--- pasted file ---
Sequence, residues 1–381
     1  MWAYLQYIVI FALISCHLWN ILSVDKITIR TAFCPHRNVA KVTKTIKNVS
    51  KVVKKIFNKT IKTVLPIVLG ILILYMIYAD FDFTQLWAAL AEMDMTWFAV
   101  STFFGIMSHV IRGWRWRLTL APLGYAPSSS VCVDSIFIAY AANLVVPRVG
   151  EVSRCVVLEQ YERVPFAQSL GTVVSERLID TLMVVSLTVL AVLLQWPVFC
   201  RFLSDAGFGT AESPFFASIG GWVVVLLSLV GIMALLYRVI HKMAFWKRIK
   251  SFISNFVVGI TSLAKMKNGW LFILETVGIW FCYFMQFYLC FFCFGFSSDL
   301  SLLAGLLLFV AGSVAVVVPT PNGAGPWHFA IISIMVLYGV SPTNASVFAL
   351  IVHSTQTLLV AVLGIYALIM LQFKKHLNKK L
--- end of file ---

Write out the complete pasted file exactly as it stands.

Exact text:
Sequence, residues 1–381
     1  MWAYLQYIVI FALISCHLWN ILSVDKITIR TAFCPHRNVA KVTKTIKNVS
    51  KVVKKIFNKT IKTVLPIVLG ILILYMIYAD FDFTQLWAAL AEMDMTWFAV
   101  STFFGIMSHV IRGWRWRLTL APLGYAPSSS VCVDSIFIAY AANLVVPRVG
   151  EVSRCVVLEQ YERVPFAQSL GTVVSERLID TLMVVSLTVL AVLLQWPVFC
   201  RFLSDAGFGT AESPFFASIG GWVVVLLSLV GIMALLYRVI HKMAFWKRIK
   251  SFISNFVVGI TSLAKMKNGW LFILETVGIW FCYFMQFYLC FFCFGFSSDL
   301  SLLAGLLLFV AGSVAVVVPT PNGAGPWHFA IISIMVLYGV SPTNASVFAL
   351  IVHSTQTLLV AVLGIYALIM LQFKKHLNKK L